I know nothing about Camus or existentialism or any of that. I read this book as naively as possible, without reading any reviews, or any Wikipedia paI know nothing about Camus or existentialism or any of that. I read this book as naively as possible, without reading any reviews, or any Wikipedia pages, or anything.
It's a very short book, and with short books I feel compelled to take my time. In this case, I was rewarded for my patience with a very stirring and moving experience. I can't say it was a "novel" in the strictest sense of the word - the plot contains no real surprises other than the shocking and unexpected climax at the end of Part One. The thing I found so profoundly impactful was how deftly the writing got to the center of the struggle to go on living in a world where we are all walking around with a death sentence hanging over our heads, and how strange it is that any of us ever bother trying to feel anything.
There was no heavy-handedness about this. From the first sentence, all the facts are laid out in a purposefully non-reflective manner. The entirety of Part One comes off as if it had been taken down by a stenographer; just the facts. Despite being written in the first person, I felt like I was being held at a distance from the narrator, and this made me even more uncomfortable about his somewhat odd reactions to various events (his mother's death, his girlfriend's wish to marry him, his curious friendship with a self-absorbed, violent womanizer). He seems to have no thoughts at all, or at least he has no desire to convey them to the reader, but I felt sucked into his head just the same, wanting to understand him, even feeling sincere empathy for him as he allowed me to see his rather mundane walk through a life that appears to cause him to feel very little.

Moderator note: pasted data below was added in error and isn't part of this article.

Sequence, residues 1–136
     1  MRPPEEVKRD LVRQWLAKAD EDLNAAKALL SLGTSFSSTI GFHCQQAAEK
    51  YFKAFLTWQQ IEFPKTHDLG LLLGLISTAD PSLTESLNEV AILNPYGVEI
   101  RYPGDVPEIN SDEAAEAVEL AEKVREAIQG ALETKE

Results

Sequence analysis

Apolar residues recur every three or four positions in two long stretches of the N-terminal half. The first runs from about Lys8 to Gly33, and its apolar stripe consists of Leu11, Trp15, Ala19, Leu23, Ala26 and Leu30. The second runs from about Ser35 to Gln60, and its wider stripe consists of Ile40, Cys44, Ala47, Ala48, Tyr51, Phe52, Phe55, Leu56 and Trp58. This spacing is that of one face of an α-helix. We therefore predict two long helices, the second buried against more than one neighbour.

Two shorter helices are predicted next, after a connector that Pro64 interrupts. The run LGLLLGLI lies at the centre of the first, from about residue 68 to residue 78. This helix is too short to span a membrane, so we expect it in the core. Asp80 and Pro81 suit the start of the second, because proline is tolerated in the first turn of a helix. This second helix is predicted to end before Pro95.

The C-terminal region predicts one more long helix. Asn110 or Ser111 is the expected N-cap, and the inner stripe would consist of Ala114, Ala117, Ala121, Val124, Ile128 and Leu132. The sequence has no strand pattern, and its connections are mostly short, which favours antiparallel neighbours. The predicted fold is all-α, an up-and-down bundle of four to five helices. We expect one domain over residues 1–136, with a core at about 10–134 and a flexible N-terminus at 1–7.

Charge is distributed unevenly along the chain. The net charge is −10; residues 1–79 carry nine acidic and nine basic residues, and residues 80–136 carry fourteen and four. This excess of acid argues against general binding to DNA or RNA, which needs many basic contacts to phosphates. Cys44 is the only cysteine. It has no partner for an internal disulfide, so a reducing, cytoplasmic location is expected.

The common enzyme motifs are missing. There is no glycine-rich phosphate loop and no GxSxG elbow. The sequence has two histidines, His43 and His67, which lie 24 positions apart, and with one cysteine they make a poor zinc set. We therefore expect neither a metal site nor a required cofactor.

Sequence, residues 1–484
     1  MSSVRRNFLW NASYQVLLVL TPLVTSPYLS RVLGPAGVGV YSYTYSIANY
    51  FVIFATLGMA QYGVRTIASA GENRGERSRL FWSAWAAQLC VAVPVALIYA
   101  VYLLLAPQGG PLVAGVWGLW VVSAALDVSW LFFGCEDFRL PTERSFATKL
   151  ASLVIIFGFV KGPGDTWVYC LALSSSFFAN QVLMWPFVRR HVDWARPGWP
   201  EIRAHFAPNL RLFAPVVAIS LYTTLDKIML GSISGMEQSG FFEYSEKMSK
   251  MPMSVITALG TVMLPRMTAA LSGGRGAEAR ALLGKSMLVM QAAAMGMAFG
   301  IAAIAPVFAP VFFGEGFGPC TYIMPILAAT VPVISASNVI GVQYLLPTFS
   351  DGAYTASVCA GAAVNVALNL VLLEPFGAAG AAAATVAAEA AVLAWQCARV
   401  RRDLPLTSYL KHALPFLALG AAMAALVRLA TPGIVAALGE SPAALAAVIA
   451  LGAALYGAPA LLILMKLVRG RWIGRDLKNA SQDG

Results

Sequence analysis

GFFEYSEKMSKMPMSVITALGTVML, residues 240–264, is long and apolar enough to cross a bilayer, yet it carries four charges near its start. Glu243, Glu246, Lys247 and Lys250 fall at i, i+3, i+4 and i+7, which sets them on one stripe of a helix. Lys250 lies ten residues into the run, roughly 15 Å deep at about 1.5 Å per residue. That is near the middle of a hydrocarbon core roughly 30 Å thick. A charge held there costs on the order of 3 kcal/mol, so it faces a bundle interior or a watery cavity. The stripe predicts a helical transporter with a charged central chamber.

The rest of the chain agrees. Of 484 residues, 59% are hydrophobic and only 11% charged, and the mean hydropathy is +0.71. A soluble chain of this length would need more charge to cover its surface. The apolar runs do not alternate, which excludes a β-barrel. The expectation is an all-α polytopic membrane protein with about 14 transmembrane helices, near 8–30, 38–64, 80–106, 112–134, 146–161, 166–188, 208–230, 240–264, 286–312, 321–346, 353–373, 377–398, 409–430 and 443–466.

Part Two gave me a little more of a window into his heart, but ultimately, his motivations remain a mystery. I can't explain why I felt so strongly for him. It probably came from the subtle way he describes the world around him and his reactions to it. He has a moral and intellectual quietness that everyone can probably relate to on some level.
In short, I felt very strongly about this book; I found myself very sad and disturbed after putting it down. I don't know what to make of it. I probably never will, because the primary effect it had was not to puzzle and delight the reader with plot archs and colorful characters, but to paint a picture of something deeply disturbing and poignant. It has no answers....more